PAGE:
May 26, 2019
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For PVC basketball coaches, annual Coaches vs. Cancer benefit game a chance to give back

Contributed photo | BDN
Contributed photo | BDN
Fred Lazo of Stearns High School in Millinocket drives past Foxcroft Academy's Blake Smith during the 2016 Coaches vs. Cancer benefit game in Guilford. Penobscot Valley Conference coaches will gather at Penobscot Valley High in Howland on Thursday night for a 6 p.m. charity game to benefit PVHS girls soccer coach Ryan Reed, who is battling cancer.

Athletic competition typically is a test of risk versus reward.

In this case, the risk for the participants might be a pulled muscle, a sore back and perhaps an uncomfortable night of sleep.

But when coaches from Penobscot Valley Conference schools gather for their annual Coaches vs. Cancer basketball game, the reward will be much greater — the chance to help a colleague, a player or someone within the community — cope with one of life’s greatest challenges.

As many as 30 coaches from around the region will gather in Sereyko Gymnasium at Penobscot Valley High School in Howland on Thursday evening for the fifth PVC Coaches vs. Cancer game in four years.

Proceeds will benefit PVHS girls soccer coach Ryan Reed, who recently underwent surgery in Boston after being diagnosed in December with esophageal cancer.

“We just really want to show the support of the community and that the people are behind Ryan and his family and want to fight with him,” said Jeremy Durost, one of Reed’s teammates during their playing days at PVHS and now a coaching colleague at their alma mater.

“He and I spend a lot of time during the fall working together and we’ve been friends since middle school. We grew up playing sports together so not only is he a co-worker in the coaching profession but he’s a good friend that I grew up with.”

Durost has been a primary organizer of “Reed’s Rebound!” which will feature the 6 p.m. game complete with full concessions, baked goods, a 50-50 raffle and other raffle opportunities featuring a bevy of items donated by area residents and businesses.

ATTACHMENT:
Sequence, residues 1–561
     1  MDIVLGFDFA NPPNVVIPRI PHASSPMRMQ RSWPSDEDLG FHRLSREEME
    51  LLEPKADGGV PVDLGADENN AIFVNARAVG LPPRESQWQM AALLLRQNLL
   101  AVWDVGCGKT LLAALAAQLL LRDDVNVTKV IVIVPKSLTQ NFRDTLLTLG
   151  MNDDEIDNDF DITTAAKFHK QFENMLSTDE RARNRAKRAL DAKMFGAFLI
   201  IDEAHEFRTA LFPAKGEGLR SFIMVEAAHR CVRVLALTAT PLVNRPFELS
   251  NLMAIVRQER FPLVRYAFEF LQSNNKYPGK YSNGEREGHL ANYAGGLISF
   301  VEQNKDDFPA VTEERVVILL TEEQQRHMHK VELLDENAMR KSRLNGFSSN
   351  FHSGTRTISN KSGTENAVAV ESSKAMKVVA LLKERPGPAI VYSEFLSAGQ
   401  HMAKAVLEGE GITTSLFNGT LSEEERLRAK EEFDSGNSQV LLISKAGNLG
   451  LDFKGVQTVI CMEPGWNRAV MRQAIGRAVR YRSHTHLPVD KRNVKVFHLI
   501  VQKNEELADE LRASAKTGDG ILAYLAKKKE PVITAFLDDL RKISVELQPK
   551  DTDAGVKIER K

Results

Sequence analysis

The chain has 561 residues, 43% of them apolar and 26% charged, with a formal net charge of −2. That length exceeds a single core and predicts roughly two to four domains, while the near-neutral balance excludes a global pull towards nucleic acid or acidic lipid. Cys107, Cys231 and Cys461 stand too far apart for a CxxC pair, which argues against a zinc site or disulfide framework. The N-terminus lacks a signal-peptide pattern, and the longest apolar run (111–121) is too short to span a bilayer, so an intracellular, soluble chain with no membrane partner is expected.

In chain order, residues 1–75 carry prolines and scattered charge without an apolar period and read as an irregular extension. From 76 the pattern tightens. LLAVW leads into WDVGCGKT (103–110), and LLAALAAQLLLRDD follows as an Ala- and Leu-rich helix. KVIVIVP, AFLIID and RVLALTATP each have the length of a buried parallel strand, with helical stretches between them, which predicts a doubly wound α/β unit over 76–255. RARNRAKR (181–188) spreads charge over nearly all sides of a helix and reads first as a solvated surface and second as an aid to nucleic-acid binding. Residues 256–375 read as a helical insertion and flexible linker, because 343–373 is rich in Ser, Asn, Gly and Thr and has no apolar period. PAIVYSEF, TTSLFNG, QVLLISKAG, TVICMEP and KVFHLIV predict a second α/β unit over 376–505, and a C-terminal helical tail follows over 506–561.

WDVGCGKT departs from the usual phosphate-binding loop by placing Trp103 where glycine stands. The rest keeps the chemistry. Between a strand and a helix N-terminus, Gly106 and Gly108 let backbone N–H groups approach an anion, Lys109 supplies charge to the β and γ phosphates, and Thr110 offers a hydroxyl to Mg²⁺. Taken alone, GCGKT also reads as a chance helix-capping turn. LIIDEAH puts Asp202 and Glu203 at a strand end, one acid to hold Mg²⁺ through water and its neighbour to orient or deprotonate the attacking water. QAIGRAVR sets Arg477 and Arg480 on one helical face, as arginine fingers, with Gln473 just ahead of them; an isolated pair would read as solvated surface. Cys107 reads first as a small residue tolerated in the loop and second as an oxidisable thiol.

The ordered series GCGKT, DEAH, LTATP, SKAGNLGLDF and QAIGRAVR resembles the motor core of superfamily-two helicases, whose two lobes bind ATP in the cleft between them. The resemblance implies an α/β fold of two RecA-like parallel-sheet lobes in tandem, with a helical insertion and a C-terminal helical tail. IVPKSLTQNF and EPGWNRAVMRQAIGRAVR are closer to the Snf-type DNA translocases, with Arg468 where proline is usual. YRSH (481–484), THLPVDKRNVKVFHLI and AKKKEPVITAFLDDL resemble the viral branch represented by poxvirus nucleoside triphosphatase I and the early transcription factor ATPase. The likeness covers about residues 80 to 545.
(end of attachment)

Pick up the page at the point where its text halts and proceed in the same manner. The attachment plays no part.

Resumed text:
“His family has had it so rough with cancer diagnosis that they have a foundation called the Reed Foundation where they help a lot of local families,” said Durost. “This is a way for us as a coaching community to give back to Ryan and his family for what they’ve done and what he’s meant to this community through his coaching and the positive influence he’s had on so many of his players.”

The PVC Coaches vs. Cancer games began in 2015 as a benefit for LaGrange sixth-grader Zak Mills, the son of current Penquis Valley of Milo boys basketball coach and athletic administrator Jason Mills.

Zak Mills required surgery for a form of bone cancer, but this winter completed his freshman season as a guard on his dad’s Penquis varsity basketball team.

“When they first did the Coaches vs. Cancer game, it was so successful that we talked at our PVC basketball meeting that fall about having a game each spring for someone in need, or if there’s not someone in need at the time then we’d find a charity to donate it to,” said Jason Mills.

The PVC Coaches vs. Cancer game has been held each March since then, with an additional game played this in January to benefit Dexter Regional High School football player Matthew Simpson, who is battling sarcoma.

The events typically have taken on a life of their own within each host community — Milo, Guilford, Searsport-Bucksport, Dexter and now Howland.

Community members routinely become active in soliciting raffle items and joining the coaches in volunteering their time on game night to work concessions, take tickets or provide whatever other assistance is needed.

“The outpouring of support from the community right now is unbelievable,” said Durost, who has played in all four of the previous games. “We already had 20-plus items we’re going to raffle off and we have so many people asking what can they do to help.

“In small towns like the ones we have in our area, when someone goes through rough times it seems like everyone really steps up.”

Durost did admit that while active PVC basketball players are encouraged to attend the game, they shouldn’t look at the exhibition as a coaches clinic.

“We always joke to our players to do as we say and not as we do because we have a lot of bad habits since we’re not all in the best of shape out there,” he said. “We’ll be doing plays out on the court that we’ve probably yelled at our players hundreds of times during the season not to do.”

Those unable to attend the game who wish to donate may send checks to Ryan Reed, P.O. Box 445, West Enfield, ME 04493, or they can donate through a PayPal account through

“Unfortunately we’re going to have to do this again next year in another community — I’m not saying it’s a bad thing to do this but it’s a bad thing that someone’s going to be suffering from this terrible disease,” Durost said. “It hits every community just like this year with our community, and as coaches we’re just trying to give back to the communities that support us during our seasons.”

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